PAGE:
I ran across a site at Oak Ridge National Laboratories (http://stonesoup.esd.ornl.gov/) that describes a Beowulf-class (Linux) supercomputer running GRASS that the rocket scientists there had made for free out of junker PCs and open source compilers.There are a lot of problems in GIS especially suited to parallel computing.The idea of building my own supercomputer out of the junk I'm currently using for storeroom stuffing and free software I can download on the Internet has some real aesthetic appeal.
Curious to know if anyone else besides ORNL has tried to use recycled computers in any way to work on GIS problems, I asked the GISList (www.directionsmag.com/discussion) readership, "Problems in modeling, image processing, land use classification, remote sensing analysis, etc.etc.are classic examples of GIS problems that are well suited to parallel processing techniques.I would like to hear from anyone in GIS who is looking at these open source, recycled PC solutions."
This idea excited the kid in me who still believes in the Phoenix, the bird of myth who rises from the ashes of its ancestor.But cooler heads than mine dipped that idea in an ice-water bath.Well okay, only an incurable romantic whose head is on fire and whose feet are grounded in the clouds would try to build a supercomputer out of discarded junk.To those fools of science who ignore conventional wisdom, may your tribe increase! Sooner or later one of you will prove conventional wisdom wrong.
Academia is where the Phoenix lives (but there also lives Prometheus and the spark that ignites the light of science), so the first suggestion by Richard Hoskins makes good sense: "Beowulf stuff is cool, but takes a whole lot of time and expertise to set up.Schools need the machines - and you can get a tax break too."
Perhaps there is a greater short-term good and economic incentive to be realized in donating our mothballed PCs to a local school than to re-deploy discarded equipment to solve some GIS problems.
Dimitri Rotow of Manifold (http://www.manifold.net) mentioned that his company has been researching Beowulf clusters and that their team had written algorithms for the Intel Paragon massively parallel supercomputer a few years ago.So when he says, "What one rediscovers is the hassle of working with older machines," one has to listen.His opinion is that there are not many problems in GIS that justify the effort of building a Beowulf supercomputer out of old PCs.But he mentions the one exception: the research environment.Perhaps we should all donate our PCs to ORNL and see what they come up with.
Bill Huber of Quantitative Decisions (http://www.quantdec.com) was also impressed with ORNL's effort, but the skeptic in him said, "do the math..." and his estimate was that it would require about 40 486 processors in a Beowulf cluster to equal the performance of a single modern 1.1 GHz machine.Taking into account RAM, I/O, and disk storage, Huber estimates that you could duplicate the ORNL system by purchasing three modern high-end COTS (Commercial Off The Shelf) PC machines for about US $6000 total.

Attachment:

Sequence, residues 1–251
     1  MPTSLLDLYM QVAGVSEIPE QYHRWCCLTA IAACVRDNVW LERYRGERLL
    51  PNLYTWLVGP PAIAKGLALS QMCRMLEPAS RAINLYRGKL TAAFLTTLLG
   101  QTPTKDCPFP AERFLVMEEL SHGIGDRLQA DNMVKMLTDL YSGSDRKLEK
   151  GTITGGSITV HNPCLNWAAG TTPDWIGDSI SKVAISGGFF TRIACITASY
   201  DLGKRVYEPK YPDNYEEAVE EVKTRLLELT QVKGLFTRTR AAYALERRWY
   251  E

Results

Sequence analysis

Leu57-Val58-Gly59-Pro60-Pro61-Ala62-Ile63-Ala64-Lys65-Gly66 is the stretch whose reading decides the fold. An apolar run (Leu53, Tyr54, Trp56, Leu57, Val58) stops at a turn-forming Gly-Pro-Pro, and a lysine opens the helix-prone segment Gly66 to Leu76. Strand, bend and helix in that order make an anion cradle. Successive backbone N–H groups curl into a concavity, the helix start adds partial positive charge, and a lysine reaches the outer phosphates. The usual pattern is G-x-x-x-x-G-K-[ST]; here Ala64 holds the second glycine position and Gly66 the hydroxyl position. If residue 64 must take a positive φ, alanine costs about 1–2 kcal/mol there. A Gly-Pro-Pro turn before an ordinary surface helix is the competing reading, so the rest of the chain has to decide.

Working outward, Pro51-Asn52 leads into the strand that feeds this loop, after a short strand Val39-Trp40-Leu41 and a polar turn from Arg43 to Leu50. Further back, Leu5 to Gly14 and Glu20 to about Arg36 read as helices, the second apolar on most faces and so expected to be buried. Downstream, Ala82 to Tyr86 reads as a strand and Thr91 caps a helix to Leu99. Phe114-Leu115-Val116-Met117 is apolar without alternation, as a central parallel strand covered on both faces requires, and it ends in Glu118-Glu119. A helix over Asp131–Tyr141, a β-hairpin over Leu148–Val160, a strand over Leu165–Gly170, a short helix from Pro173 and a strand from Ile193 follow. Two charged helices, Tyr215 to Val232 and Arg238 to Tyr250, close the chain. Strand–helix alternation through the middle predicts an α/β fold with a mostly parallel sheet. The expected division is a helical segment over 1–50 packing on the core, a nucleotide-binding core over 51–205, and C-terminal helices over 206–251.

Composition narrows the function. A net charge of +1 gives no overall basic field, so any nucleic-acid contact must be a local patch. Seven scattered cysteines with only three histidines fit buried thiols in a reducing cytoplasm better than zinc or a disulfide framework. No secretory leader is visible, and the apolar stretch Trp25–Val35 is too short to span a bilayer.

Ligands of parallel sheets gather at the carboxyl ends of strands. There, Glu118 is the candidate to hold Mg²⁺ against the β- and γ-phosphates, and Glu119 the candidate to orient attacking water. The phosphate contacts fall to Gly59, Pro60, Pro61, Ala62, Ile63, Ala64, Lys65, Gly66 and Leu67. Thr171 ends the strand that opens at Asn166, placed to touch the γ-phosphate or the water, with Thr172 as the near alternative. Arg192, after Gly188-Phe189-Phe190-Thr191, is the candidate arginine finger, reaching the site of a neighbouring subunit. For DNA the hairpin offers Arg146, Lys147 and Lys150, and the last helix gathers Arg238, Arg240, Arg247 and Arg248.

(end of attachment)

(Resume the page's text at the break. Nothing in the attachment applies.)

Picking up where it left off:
He then goes on to point out the obvious fact that the ORNL scientists value their time at $0/hour.Yes, I suppose you can do a lot with PhD wizards when you have them for free.Then there is the space and energy issue...just look at the images on the ORNL page and note the floor space requirements, power supply and waste heat issues involved.These are costs only an R & D lab could accept with equanimity.But still Huber isn't throwing out his old PCs in the hopes that they might yet power something interesting.
Albert Janzen cautions that old machines of any value are hard to come by, echoing Rotow's point about "hassles." He also adds that using an unusual processing method for GIS work will come under severe scrutiny by the "old school boys." Maybe that's a significant argument if you have to deal with politics, but it's worthless if you are dealing with open minds.Either the result is correct or it is not; how the problem is solved should be a secondary issue.
Brian Maddox of the United States Geological Survey (http://www.usgs.gov/) was more focused on what GIS work could be done with a Beowulf cluster of surplus machines than on the economics of such an effort.Last year he used 16 machines to test problems using the Clark Urban Growth model (see http://edcwww2.cr.usgs.gov/umap/htmls/pubs.html -- Editor) and also experimented with techniques to reproject and display very large amounts of geospatial data.On the results of last year's work, he is now experimenting with tuning the system to minimize network congestion.
In summary, re-employing your old PCs as a Beowulf supercomputer is very do-able nowadays, and your hard costs in terms of equipment and software are low or zero, but the cost in time involved to learn how to do this and to adapt GIS software to this environment may be significant compared with the short term gains.Longer-term gains have not been proven yet.It's still in the realm of research and Moore's Law continues to make the numbers in the cost-benefit equation like so many moving targets.
Still, wouldn't it be fun to build your own supercomputer?